The Replacements

By Frank Wagner

February 15, 2008 5 min read

THE REPLACEMENTS

Alternatives to lawns if you want to cut the grass

By Frank Wagner

Copley News Service

In desert communities of the parched Southwest, grass is the exception, not the rule.

"Most people don't put in lawns," stated landscape designer Rosalie Gage of Horticulture Unlimited in Tucson, Ariz.

"Lawns are the standard of the North, Northeast and Northwest," she observed. "In the Southwest there's more water conserved if you don't have lawns."

Some agencies have even posted bounties on grass. In mid-2007, the Los Angeles Metropolitan Water District approved a measure to pay homeowners rebates of 30 cents per square foot of lawn replaced by turf. The Southern Nevada Water Authority offers a $1.50 per square foot rebate for converting lawns - money sure enough that even Las Vegas casinos are betting on artificial turf.

The Southwest isn't the only region with second thoughts about grass. In late 2007 in the normally humid Southeast, cities in Florida and North Carolina resorted to lawn-watering bans in the face of an extended drought.

Even in areas not afflicted by drought, grass is losing its appeal among some. For example, in State College, Pa., the ClearWater Conservancy urges people to replace lawns with meadows, woodland gardens and ground covers. These indigenous plants support wildlife - notably butterflies and birds - and require less watering and maintenance than lawns.

Conservation biologist Katie Ombalski works with the conservancy to promote habitat creation. In 2003, it ripped out the front lawn and parking area of its headquarters and devoted the space to a model habitat. The habitat approach will demand initial diligence.

"It takes better than three years to become established, five years to become stable," said Ombalski. "A lot of plants come and go in the first year." And it's never maintenance-free, "but the rewards are well worth it," she says.

So, from A to Z (more or less), here are some of the popular alternatives to the traditional grass yard:

- Artificial turf. "I do artificial turf quite a bit - people still want green," said Gage. It "costs twice as much (as lawns), but in three years it pays for itself in water conservation and lasts for 10 years."

According to manufacturer SYNLawn (www.synlawn.com), residential options run from $2.49 to $6.29 per square foot. The Web site of another leading manufacturer, Astrolawn (www.astrolawn.com), pegs installation at another $3.50 to $3.75 per square foot - although turf can be a do-it-yourself project.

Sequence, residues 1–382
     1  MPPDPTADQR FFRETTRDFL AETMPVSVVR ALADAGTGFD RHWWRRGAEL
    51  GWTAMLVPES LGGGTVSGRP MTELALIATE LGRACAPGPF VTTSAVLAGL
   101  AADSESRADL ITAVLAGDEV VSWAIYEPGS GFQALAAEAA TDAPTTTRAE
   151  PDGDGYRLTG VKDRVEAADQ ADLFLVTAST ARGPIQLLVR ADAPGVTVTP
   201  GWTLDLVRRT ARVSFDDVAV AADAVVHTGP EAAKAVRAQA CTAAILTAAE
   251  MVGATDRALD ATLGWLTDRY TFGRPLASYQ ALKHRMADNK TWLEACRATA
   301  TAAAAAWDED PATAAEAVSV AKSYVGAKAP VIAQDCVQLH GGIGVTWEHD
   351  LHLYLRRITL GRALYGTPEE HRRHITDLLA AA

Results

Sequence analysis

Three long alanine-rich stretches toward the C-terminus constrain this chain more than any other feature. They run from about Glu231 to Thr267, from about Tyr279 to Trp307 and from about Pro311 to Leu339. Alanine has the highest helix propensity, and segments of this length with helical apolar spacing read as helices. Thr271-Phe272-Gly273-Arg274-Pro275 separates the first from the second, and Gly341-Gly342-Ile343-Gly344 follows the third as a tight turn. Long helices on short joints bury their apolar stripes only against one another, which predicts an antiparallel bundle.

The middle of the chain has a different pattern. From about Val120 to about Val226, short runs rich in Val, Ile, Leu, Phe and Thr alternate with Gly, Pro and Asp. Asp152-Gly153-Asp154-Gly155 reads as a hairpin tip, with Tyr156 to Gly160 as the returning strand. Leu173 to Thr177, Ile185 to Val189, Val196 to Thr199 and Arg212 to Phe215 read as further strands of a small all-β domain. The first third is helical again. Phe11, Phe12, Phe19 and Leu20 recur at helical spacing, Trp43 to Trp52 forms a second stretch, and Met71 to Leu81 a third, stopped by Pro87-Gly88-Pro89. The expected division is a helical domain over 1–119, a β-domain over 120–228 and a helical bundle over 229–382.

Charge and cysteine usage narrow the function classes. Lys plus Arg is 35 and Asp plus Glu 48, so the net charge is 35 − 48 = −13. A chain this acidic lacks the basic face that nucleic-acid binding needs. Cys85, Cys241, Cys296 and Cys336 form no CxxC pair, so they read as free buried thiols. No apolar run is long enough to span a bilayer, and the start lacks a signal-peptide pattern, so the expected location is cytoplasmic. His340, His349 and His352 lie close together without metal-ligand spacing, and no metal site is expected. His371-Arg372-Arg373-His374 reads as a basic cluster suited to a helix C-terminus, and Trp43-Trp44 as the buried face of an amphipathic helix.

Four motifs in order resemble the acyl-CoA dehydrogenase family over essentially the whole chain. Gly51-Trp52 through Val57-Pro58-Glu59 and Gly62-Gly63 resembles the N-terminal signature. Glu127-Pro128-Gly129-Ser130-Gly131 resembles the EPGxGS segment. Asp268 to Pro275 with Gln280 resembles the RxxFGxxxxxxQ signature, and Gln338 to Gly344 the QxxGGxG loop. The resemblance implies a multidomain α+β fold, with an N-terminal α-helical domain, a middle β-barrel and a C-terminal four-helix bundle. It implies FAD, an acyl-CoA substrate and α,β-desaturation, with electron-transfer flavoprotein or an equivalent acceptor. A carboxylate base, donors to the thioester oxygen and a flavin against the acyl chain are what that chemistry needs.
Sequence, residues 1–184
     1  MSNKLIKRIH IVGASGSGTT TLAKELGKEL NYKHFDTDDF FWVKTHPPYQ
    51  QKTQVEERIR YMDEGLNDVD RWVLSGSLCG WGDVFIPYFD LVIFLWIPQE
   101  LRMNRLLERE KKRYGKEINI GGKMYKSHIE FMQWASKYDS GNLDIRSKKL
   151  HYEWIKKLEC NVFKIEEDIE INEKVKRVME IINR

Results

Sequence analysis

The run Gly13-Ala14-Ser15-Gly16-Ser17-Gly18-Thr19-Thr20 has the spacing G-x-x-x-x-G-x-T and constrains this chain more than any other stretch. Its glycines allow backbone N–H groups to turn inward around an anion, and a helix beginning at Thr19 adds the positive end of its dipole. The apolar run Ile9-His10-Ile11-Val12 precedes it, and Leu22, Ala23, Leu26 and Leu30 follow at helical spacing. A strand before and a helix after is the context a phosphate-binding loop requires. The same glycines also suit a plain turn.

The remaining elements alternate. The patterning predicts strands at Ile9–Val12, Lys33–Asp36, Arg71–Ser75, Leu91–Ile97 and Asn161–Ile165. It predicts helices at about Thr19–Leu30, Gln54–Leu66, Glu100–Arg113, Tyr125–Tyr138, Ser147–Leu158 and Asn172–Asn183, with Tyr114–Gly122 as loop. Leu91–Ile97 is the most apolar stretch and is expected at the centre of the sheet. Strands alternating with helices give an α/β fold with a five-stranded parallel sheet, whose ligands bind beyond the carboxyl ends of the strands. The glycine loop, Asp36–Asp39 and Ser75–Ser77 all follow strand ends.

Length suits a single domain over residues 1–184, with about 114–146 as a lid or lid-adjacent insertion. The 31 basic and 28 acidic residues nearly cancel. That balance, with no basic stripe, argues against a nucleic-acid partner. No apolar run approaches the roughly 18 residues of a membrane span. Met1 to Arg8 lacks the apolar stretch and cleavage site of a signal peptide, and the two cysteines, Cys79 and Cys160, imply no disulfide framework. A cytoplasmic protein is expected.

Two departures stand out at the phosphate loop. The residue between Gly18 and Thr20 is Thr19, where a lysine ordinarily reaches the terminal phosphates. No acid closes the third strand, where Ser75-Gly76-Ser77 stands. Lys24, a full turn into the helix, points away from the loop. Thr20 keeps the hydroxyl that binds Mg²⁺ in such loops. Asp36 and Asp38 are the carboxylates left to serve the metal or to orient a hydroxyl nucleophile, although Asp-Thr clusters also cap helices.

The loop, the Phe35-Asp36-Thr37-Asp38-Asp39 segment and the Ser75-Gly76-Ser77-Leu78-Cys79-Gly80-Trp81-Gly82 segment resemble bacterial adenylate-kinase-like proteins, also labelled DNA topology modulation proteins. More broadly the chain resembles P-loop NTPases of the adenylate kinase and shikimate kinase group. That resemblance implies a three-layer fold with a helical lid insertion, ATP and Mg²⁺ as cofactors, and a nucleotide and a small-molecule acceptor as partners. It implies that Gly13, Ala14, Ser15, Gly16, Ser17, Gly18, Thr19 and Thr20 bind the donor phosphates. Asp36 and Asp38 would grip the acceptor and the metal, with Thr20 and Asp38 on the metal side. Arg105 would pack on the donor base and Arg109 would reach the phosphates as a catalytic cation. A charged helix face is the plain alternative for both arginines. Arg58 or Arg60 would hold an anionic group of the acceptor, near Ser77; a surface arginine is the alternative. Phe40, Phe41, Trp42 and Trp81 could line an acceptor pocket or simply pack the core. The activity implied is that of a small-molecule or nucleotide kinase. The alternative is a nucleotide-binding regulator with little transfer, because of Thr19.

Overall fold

- Clover. It grows quickly and easily, is low-maintenance (mowing optional, fertilizer unneeded) and withstands dry summers. According to the Web site www.eartheasy.com, it can cost about $4 to cover 4,000 square feet of turf. But clover is nowhere as durable as grass, so it's not suitable for high-traffic or playing surfaces.

- Flower and shrub beds. These can add color and interest, although they might not replace your entire lawn. Low-maintenance, native perennials are a good bet, and a trip to a local nursery or garden center can give you an idea of what's best. Flower beds should be narrow (three feet or less) to facilitate maintenance and raised to deter erosion.

- Ground cover. They spread, need no cutting and many will choke out weeds. Some flower, some (such as berries) are even edible. Perennials and evergreens are the most popular; annuals will require seasonal work. What's best - and what it costs - will vary by region. Your local nursery or landscaper, or an online supply site such as Springhill Nursery (www.springhillnursery.com), can be an excellent starting point.

- Natural meadows. The conservancy's Ombalski suggests consulting with "whatever agency is responsible for regulating flora" to determine what's best in your area. Also, consult local laws.

"If there are weed ordinances, tall, herbaceous vegetation is often seen as weeds," she notes. "But there are ways to make it more neighborly."

A mowed "neat line" can delineate the parcel.

"It needs to look intentional to be acceptable," the biologist noted.

- Xeriscaping. A word coined by the Denver Water Department in 1981 (from the Greek for dry plus landscaping), this is selecting plants based on water efficiency.

"There's a lot of xeriscaping in California," said Gage. "Some counties are asking homeowners to do it." Xeriscaping is lush and uses a wide variety of water-efficient plants to create an oasis-like feeling. "A lot of people confuse it with 'zero-scaping,' which is a lot different."

- Zero-scaping. This is a non-landscaping approach. Rocks and nearly no-maintenance plants like juniper, cactus or yucca are its hallmarks.

? Copley News Service

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